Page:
We embarked on this mission only after discovering that, despite developing great product lines, internet companies struggle to expand and attract new customers. They depend heavily on two channels which are outdated and unreliable. Online channels are costly and do not result in transactional customers for internet service providers. Managing in-house sales teams on the ground to sell the product to end users is time-consuming and inefficient. It is more expensive, produces slower results, and is not intended for hype scaling. By-passing these alternatives, we established PickMyWork to facilitate plug & play networking solutions for hyper scaling and creating meaningful value for internet companies. On the other side, PickMyWork presents itself as an income platform for gig workers that promises 3X earnings per hour of effort when compared to delivery gigs.
StartupTalky: What new features have been added in the past year? What is/are the USP/s of your service?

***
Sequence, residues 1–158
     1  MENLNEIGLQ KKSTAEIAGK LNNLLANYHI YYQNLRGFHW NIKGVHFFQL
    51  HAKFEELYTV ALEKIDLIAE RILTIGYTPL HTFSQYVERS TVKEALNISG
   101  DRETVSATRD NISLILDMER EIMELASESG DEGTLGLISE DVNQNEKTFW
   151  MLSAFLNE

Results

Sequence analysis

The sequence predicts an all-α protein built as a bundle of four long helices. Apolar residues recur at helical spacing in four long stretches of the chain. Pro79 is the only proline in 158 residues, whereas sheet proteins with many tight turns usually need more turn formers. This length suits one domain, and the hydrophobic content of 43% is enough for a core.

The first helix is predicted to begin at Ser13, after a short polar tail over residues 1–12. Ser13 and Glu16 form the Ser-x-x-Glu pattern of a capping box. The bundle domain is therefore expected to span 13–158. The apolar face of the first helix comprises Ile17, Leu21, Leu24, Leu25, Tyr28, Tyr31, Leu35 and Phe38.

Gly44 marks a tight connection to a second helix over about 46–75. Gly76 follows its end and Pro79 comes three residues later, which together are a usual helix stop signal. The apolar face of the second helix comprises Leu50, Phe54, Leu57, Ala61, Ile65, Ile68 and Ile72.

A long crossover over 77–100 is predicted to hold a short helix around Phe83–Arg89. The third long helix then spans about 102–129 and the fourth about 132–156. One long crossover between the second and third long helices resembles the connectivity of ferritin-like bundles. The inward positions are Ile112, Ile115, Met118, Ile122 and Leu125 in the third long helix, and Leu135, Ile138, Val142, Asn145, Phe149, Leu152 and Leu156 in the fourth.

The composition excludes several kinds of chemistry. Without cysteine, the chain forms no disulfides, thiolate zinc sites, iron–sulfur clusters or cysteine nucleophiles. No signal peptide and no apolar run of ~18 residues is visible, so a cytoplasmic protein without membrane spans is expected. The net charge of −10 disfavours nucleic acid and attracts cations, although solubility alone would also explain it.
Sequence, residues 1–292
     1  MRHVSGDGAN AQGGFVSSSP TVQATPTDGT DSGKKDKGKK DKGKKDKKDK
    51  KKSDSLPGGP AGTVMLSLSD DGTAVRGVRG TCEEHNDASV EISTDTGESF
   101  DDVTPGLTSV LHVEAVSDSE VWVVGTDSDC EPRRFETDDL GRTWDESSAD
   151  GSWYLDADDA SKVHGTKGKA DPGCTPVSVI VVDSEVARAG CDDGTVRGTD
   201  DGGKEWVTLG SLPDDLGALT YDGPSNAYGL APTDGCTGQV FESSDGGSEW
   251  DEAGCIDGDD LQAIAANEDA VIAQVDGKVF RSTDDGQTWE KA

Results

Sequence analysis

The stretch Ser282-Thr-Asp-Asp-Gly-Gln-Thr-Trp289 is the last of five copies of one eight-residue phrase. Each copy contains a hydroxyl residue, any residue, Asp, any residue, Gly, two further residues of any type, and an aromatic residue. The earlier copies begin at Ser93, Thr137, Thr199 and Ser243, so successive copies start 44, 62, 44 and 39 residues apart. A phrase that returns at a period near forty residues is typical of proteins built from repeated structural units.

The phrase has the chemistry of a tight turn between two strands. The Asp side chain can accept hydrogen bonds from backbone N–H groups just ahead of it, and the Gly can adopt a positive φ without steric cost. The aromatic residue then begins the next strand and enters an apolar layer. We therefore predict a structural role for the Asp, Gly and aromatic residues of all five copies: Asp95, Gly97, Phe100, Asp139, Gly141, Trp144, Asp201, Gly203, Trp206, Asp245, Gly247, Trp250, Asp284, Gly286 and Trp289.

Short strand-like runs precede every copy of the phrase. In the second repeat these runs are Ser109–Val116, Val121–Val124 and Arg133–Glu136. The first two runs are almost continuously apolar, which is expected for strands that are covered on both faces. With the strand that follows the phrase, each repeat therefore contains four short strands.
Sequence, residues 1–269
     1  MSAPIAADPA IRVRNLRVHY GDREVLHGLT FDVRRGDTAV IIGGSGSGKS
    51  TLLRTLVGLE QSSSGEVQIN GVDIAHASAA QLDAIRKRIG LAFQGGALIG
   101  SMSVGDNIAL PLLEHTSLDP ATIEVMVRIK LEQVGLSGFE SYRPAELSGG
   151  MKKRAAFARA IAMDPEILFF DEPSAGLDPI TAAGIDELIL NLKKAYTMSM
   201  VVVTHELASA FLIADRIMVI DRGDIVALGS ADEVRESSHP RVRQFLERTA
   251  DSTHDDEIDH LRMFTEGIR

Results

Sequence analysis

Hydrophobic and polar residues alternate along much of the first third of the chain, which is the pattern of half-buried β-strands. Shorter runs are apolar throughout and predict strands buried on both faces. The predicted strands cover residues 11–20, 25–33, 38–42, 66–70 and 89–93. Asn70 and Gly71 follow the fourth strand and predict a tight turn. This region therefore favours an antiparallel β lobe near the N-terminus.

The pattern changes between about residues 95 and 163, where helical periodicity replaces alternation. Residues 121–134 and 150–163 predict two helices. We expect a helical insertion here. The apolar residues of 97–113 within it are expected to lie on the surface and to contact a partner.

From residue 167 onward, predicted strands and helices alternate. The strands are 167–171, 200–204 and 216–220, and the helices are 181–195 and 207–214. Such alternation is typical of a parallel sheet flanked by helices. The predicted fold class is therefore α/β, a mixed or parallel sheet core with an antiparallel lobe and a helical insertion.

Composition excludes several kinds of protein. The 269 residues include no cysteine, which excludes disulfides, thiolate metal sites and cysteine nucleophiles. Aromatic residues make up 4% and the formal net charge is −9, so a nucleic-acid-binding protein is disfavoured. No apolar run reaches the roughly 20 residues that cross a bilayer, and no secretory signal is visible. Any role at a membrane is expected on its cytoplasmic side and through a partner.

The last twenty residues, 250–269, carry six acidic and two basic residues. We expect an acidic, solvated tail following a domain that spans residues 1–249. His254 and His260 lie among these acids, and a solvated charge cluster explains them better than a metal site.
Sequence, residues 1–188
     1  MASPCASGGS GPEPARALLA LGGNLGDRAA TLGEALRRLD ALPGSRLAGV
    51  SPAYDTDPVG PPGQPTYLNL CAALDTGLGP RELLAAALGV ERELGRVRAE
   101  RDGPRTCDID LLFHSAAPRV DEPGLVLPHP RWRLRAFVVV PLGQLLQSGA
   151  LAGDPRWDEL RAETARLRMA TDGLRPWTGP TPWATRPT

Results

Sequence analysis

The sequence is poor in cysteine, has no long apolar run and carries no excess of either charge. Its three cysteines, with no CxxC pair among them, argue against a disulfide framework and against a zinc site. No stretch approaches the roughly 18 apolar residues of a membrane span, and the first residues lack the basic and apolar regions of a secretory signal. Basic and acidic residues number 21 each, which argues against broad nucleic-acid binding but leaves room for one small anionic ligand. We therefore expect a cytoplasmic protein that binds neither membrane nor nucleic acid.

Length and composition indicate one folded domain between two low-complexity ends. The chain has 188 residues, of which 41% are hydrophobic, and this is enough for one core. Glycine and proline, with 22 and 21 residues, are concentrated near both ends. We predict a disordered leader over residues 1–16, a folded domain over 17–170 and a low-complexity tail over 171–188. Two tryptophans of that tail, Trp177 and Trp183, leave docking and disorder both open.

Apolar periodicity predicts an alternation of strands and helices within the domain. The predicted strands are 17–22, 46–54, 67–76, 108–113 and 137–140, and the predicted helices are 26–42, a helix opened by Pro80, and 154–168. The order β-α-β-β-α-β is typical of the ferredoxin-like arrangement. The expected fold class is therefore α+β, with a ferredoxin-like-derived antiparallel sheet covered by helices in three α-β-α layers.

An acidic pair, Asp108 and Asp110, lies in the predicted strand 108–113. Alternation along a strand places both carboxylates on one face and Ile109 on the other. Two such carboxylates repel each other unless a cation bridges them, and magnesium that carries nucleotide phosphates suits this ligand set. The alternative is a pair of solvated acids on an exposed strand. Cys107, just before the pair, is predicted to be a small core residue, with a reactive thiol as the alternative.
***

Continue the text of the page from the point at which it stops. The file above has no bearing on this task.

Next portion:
Kajal: Many consumer tech companies are collaborating with us to improve ROI and achieve faster results in tier 2 and tier 3 cities, where businesses face difficulties in penetrating the market. We freely allow consumer tech firms to concentrate on what they do best, which is creating technological solutions, while we leverage our on-field gig partner network to facilitate the customer/merchant onboarding process.
For Internet companies, this model turns out to be 1/10th cheaper compared to online marketing or having in-house sales teams. Enabling sales gigs at an affordable cost is therefore our USP.
StartupTalky: How has the gig industry changed in recent years, and how has your company adapted to these changes?
Kajal: Disruptive innovations had already infiltrated the gig industry prior to Covid-19, but the pandemic accelerated their growth and mass acceptance. Businesses that initially believed that face-to-face interactions were the only way to execute business were forced to abruptly alter their strategy and become more flexible and dynamic in their customer service. While the global pandemic-inspired digital transformation is constantly revamping the marketing landscape, we at PickMyWork are increasingly educating our workers on marketing tactics to meet client demands. By providing gig workers with various skill sets, attractive payment options, and giving companies access to a larger market via a readily available network of on-demand gig workers, we have garnered a lot of interest in our offerings from different states across India.